Horta in Greece is traditionally eating at room temp or cold. I haven't had the experience that everything is lukewarm or cold in Greece, I was merely trying to see what the general attitude is towards temperature of food.

"You are what you eat, so don't be fast, cheap, easy, or fake."

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post #9 of 19
hmmm tough call especially in a restaurant evironment. i would follow the "culinary creed" in this instance.

what I hate are salad greens that are not the least bit chilled. for some reason i dont appreciate the "crunch" as much
post #10 of 19
As a lot of people have already stated I was always taught hot food has to be HOT and cold COLD but like you have stated you like your steak served before it has rested so obviously there is some wiggle room. As for health standards in a restaurant hot foods must be 160* or above when holding and cold foods 45*or below. But as for what Im a stickler for.....I would rather eat a slightly warm steak, etc. ....than a slightly cold salad. If a salad is not cold, especially if it has already been mixed or dressed, yuck.
post #11 of 19

depends...

My steakhouse sells alot of prime rib, and it chaps my arse when people send back their perfect MR prime rib and say........"It's not hot!"

I try to tell the waitstaff all the time.......... "I pull the ribs when the internal temp is 120....then they rest for an hour so they reach 130....perfect rare...(of course some wells, Mw, and Med from each end-depends on how it's sliced)

So the MAX temp they reach is 130---which is not really THAT hot. Your bath water might be hotter. (Yea- who takes baths anymore-whatever)
Trying to tell a customer that prime rib is never served HOT!! is impossible!! We do over 400 cover on sat night and it's tough to "stagger " our ribs troughout the night so they have rested properly , and can still be served "hot" ....just not possible. we keep a full bain marie of Au Jus on the line , so to heat it up quickly is not a prob, but once again...... as a chef/foodservice professional......it still pisses me off when I do my job to a T and ignorant customers tell me what I did was wrong.
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post #12 of 19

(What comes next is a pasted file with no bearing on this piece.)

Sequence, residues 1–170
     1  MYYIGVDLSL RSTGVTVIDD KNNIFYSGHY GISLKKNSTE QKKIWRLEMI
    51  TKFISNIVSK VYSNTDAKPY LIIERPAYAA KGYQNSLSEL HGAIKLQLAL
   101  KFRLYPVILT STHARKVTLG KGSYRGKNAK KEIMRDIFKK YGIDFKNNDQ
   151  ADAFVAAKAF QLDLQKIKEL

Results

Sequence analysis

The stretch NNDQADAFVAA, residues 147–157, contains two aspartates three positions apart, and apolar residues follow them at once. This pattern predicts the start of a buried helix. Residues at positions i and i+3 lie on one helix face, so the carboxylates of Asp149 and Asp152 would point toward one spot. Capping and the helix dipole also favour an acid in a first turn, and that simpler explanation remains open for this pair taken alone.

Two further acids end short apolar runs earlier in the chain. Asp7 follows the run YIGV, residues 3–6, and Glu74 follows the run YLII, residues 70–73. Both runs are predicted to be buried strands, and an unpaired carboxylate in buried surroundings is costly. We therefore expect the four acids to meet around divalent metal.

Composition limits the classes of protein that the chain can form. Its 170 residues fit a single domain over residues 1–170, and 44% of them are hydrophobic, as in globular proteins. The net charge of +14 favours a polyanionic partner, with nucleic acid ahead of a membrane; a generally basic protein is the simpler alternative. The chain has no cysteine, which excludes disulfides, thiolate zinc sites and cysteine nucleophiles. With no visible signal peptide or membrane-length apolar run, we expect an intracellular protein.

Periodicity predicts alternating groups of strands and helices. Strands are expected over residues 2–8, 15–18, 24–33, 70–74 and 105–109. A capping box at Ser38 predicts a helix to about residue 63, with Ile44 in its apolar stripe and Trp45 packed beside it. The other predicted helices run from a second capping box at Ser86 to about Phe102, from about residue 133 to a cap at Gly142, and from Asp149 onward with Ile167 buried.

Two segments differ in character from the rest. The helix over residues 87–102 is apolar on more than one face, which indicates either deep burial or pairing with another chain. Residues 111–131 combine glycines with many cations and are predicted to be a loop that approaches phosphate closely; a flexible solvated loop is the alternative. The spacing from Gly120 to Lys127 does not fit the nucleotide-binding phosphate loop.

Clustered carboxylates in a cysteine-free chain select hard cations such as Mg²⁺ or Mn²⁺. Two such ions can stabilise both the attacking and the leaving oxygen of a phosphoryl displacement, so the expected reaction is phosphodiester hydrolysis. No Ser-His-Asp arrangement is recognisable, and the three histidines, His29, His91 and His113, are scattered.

My steakhouse sells alot of prime rib, and it chaps my arse when people send back their perfect MR prime rib and say........"It's not hot!"

I try to tell the waitstaff all the time.......... "I pull the ribs when the internal temp is 120....then they rest for an hour so they reach 130....perfect rare...(of course some wells, Mw, and Med from each end-depends on how it's sliced)

130 F. is not room temperature, and I am not talking rare or med rare steak here or prime rib. But when you get a baked tater or pasta or vege. thats cold ? I have watched many times open kitchens where the food sits up there for 6 to 10 minutes before server picks up. The customer is entitled to at least the basics. There are some excuses for bad or miscooked foods, but not cold foods. Sorry all thats my opinion. Also as the lady said above,""she is accustomed to room temp foods" I am not.
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post #13 of 19
A very hot bath is well below 130F. At 130F you'd have to throw out the (scalded) baby. IIRC 120F is considered the maximum, safe delivery temperature for hot water.

The "holding temperature" of the steam table or Cres-Cor or whatever is not the same as the food temperature. Most foods at a 160F internal is not only hot but horrible.

Proper service temperature depends on what's being served. Chicken on the bone tastes better when it's not quite hot anymore. Similarly, red meat when served MR will not be particularly hot by the time it reaches the diner. We should also consider that it's always cooled down quite a bit by the time the diner has cut and eaten a few bites.

Dishes with cheese usually need to cool down and set up before they're at their best. "Etc., etc., etc."